He didn't believe me, and explained that his high school teacher said it worked that way. Eventually I mentioned that I have a Ph.D. in physics, specializing in astrophysics, and he replied, "Oh. I guess I should ask my teacher about that, again." Mentioning my credentials was the only way that he would consider that my objective, factual explanations had merit, because he didn't have a good means of evaluating or countering my statements.

    Or, in a more humorous vein:


  4. #324
    wants Mifune clone minion Array Z Buck McFate's Avatar
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    Quote Originally Posted by uumlau View Post
    I think there's a Ti effect going on here. Ti is extremely resistant to being told what to think, no matter how correct. Ti insists upon figuring things out for oneself.

    The problem isn't "half-ass" arguments, per se: it's that any argument that Ti doesn't immediately understand sounds half-assed.
    I wouldn’t call an argument half-assed if I didn’t understand it, it wouldn’t make sense to try to rate something that I don’t understand. This might be in conjunction with Ni, but quite often I’ll often immediately pick up on weak spots. I’ll recognize there’s something questionable about how the ‘facts’ are put together. Sometimes it is indeed very half-assed, because the person is just thinking out loud. It takes a lot of effort to articulate a counter-argument: if someone isn’t willing to put much effort into trimming the fat before bringing it to me, I don’t see why I should put much effort into it either.

    Note that the bolded portion is where the conflict with Te begins: any Te-style argument is looking for reasonable counterarguments (though immature people will still try to "win" such exchanges). The refusal to give a counterargument sounds like stubbornness, like intransigence.
    I generally only mirror the amount of intransigence I’m dealing with.

    What's really going on is that Ti has a hard time pinpointing logical flaws: an incorrect argument sounds 100% incorrect, even if the "flaw" is a simple misunderstanding, e.g., one person having misheard a word or holding a slightly different, but valid, definition.
    I can see some truth in this. For example, I’ll dismiss someone’s argument if I catch them opening it with a couple of fallacies, or if the person is somehow demonstrating they don’t fully understand what they’re saying (i.e. if someone is arguing the importance of animal rights- but they’re doing this while wearing leather shoes and scarfing down two big macs). So yeah, I do throw the baby out with the bath water sometimes.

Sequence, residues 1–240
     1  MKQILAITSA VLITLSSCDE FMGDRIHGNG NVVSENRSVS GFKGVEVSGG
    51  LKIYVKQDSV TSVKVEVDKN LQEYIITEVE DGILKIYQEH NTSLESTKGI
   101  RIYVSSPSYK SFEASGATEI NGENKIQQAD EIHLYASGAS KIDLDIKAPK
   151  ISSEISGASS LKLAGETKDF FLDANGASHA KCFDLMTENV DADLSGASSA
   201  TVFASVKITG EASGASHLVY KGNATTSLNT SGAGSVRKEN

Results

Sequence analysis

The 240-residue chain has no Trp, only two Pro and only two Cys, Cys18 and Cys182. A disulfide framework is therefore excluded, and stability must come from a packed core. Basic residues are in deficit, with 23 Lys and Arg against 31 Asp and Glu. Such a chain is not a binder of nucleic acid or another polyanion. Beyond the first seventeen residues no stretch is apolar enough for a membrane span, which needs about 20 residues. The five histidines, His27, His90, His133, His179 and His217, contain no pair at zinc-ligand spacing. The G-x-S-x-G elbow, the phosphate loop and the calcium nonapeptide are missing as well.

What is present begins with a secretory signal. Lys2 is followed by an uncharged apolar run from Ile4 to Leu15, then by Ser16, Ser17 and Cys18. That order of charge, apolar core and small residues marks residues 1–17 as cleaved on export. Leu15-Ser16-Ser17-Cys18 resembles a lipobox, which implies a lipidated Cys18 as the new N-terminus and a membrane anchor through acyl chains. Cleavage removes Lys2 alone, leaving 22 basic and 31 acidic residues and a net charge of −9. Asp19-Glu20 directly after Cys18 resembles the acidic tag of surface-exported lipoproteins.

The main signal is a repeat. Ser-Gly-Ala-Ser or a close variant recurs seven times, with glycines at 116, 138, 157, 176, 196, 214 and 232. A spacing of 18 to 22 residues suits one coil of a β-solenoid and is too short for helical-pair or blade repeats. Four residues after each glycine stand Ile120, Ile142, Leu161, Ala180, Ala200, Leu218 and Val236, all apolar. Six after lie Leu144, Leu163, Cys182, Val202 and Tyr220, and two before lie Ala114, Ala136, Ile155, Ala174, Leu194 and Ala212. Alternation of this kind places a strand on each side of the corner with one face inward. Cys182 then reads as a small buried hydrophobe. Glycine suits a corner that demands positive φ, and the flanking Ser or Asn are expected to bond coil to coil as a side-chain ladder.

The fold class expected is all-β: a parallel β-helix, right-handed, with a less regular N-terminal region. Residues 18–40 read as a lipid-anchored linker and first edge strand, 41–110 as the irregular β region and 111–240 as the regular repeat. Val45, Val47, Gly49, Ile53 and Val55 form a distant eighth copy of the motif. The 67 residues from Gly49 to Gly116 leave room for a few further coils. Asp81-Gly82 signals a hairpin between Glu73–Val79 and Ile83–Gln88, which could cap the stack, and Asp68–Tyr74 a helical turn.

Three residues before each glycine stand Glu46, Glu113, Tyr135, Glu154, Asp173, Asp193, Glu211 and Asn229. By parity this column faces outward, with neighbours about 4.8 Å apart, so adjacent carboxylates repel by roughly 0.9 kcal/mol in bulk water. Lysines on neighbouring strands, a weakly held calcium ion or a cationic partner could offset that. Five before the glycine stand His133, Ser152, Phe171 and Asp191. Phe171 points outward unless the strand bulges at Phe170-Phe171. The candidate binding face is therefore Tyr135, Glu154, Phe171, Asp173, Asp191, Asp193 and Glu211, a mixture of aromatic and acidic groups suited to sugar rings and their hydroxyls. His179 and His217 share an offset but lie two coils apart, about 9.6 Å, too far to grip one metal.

What if it doesn't "add up" but it sounds fair and reasonable?
    I’m not really seeing the difference. I mean, I recognize there’s a difference between an objective argument and a subjective plea- but all I need is for whatever course of action to ‘make sense’ to me. And if the subjective plea ‘makes sense’ to me, then what the person is saying “adds up”.


    On the Te/Fi side of things, the attitude seems to be one of giving the benefit of the doubt until one proves oneself to be stupid or incompetent, while on the Fe/Ti side, the attitude appears to be one of distrusting one's competency until it's been proven. Does this conform with others' perceptions of the matter?
    I always sort of test people as I’m getting to know them, to find out how reasonable they are. Like I wrote above, I usually end up mirroring the amount of effort someone is willing to put into dialogue. I always give people a chance at first, though. I only regularly dismiss those who’ve demonstrated they are more interested in being heard or being ‘right’ than forming a dialogical synthesis with another person.
    Reality is a collective hunch. -Lily Tomlin

    5w4 sx/sp Johari / Nohari

  5. #325
    Dreaming the life Array onemoretime's Avatar
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    Quote Originally Posted by uumlau View Post
    I understand that, especially if you yourself aren't qualified to evaluate matters on your own. In such a case, it really is a matter of "belief."

    But from the Te perspective, it isn't a matter of belief, but of fact. I lay out the facts, you can verify them yourself, and you can even explain how my version of the facts disagrees with your version of the facts. But yes, if one isn't qualified to verify the facts or pull up one's own library of facts with which to contest the other version, one is only left with "reputation." And yes, it can also feel like bullying if one doesn't have the tools with which to refute the arguments.

    I recall a discussion I had online with a high school physics student several decades ago. He was asking about tides, and disagreeing with my explanation. In particular, I pointed out that it didn't explicitly have to do with centrifugal (or centripetal) force, but the difference in the gravitational gradient between the two sides of the earth; that one could just have the earth and moon accelerating in a straight line instead of going around each other in circles, and get the same tidal effect.

    He didn't believe me, and explained that his high school teacher said it worked that way. Eventually I mentioned that I have a Ph.D. in physics, specializing in astrophysics, and he replied, "Oh. I guess I should ask my teacher about that, again." Mentioning my credentials was the only way that he would consider that my objective, factual explanations had merit, because he didn't have a good means of evaluating or countering my statements.
    The problem with "just the facts" is that it's never just about the facts - they have to have meaning. Either you take him down the path you took, or you use credentials to assure him that you're not lying in some way.

    Why doesn't that seem "OK" to you?

  6. #326
    Happy Dancer Array uumlau's Avatar
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    Quote Originally Posted by onemoretime View Post
    The problem with "just the facts" is that it's never just about the facts - they have to have meaning. Either you take him down the path you took, or you use credentials to assure him that you're not lying in some way.

    Why doesn't that seem "OK" to you?
    To Te, there is no "meaning" beyond the facts. You can verify the facts for yourself.